‘Devilfish’ Could Help Treat Wastewater from Ceramics

‘Devilfish’ Could Help Treat Wastewater from Ceramics

Invasive suckermouths can be transformed into an industrial water cleaner

Credit: Aman Verma/Getty Images

“Devilfish” catfish, also called suckermouths, are native to South America but have spread to four other continents. These freshwater invaders can outcompete native species and eat their eggs, causing havoc in fisheries. But in Scientific Reports, researchers in Mexico showed the pests could be unexpectedly useful: when ground into a paste, they can help filter ceramics industry wastewater.

The ceramic tile sector alone produces at least 16 billion square meters of product a year. A biological cleaning system such as this could allow for reuse of potable water in manufacturing facilities.

Collagen from the fish’s connective tissues, when combined with an iron-rich salt, works as a coagulant: the mix destabilizes tiny bits of waste compounds so they amass into bigger globs that can be strained out. The scientists found this process removed 94 percent of solids from industrial ceramics wastewater, and it reduced an indicator of organic materials in the water by 79 percent. Researchers claim that their fish mixture is less toxic than other coagulants, which discourages some ceramic waste manufacturers from filtering it.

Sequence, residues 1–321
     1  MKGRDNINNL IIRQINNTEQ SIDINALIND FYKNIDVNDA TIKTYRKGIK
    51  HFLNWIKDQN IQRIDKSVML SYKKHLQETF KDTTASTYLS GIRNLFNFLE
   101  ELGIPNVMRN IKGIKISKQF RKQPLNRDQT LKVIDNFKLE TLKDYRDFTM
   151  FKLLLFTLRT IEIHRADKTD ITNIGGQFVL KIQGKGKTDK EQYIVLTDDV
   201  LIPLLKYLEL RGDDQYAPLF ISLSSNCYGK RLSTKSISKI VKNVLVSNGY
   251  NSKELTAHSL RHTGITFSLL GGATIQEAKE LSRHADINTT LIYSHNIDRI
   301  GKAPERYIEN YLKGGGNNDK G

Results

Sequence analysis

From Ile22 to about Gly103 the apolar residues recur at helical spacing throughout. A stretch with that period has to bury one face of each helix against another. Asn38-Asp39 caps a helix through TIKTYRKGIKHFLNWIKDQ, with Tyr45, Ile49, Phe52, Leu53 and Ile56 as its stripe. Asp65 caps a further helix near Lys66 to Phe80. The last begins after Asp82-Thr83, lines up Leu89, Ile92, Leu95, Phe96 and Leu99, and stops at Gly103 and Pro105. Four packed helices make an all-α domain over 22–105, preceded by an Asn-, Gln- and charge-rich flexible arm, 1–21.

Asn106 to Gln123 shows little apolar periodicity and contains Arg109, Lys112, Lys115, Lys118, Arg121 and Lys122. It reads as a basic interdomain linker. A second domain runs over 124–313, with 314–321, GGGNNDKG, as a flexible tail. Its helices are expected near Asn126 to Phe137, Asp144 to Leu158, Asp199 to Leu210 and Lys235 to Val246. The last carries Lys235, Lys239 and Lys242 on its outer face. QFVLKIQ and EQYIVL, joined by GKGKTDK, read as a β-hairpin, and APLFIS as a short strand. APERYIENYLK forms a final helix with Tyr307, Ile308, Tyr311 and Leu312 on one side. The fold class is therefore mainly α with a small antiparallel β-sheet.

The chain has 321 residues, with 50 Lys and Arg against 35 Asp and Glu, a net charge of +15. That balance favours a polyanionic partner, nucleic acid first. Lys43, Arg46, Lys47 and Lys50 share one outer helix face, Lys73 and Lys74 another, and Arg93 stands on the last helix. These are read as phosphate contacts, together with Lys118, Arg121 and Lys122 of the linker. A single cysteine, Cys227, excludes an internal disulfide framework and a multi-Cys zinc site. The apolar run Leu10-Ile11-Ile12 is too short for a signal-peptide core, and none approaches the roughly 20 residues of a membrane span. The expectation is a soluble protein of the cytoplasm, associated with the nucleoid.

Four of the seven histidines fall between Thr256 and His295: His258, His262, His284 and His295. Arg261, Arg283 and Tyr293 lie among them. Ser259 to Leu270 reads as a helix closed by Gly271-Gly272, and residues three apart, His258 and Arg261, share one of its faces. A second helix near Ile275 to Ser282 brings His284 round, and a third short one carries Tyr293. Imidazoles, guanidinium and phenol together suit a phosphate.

“Most ceramic waste is left to dry in sunlight, and then the mud is disposed of, or used as fill material,” said Miguel Mauricio Aguilera Flores, an environmental scientist at the National Polytechnic Institute of Mexico. He was the one who conducted the study. “People are afraid of the toxicity of chemical coagulants and don’t trust reusing water for any purpose.

Although the mixture is easy to prepare, Aguilera Flores warns that getting enough biomass for industrial use may be a problem. He says that while wild devilfish can be trapped, it could only support a modest demand. However, to grow the population, they may need to be farmed more carefully.

“Effluent Management from any industry is a serious problem, and the ceramic industry is no exception,” states Eileen De Guire (technical content and communications director at American Ceramic Society). “Taking advantage of an invasive species seems to be a creative way to use one waste problem to solve another.”

This article was originally published with the title “Ceramics Cleaner” in Scientific American 327, 4, 14 (October 2022)

doi: 10. 1038/scientificamerican1022-14

ABOUT THE AUTHOR(S)

    Gary Hartley is a freelance writer based in Sheffield, England, who mainly covers the life sciences and

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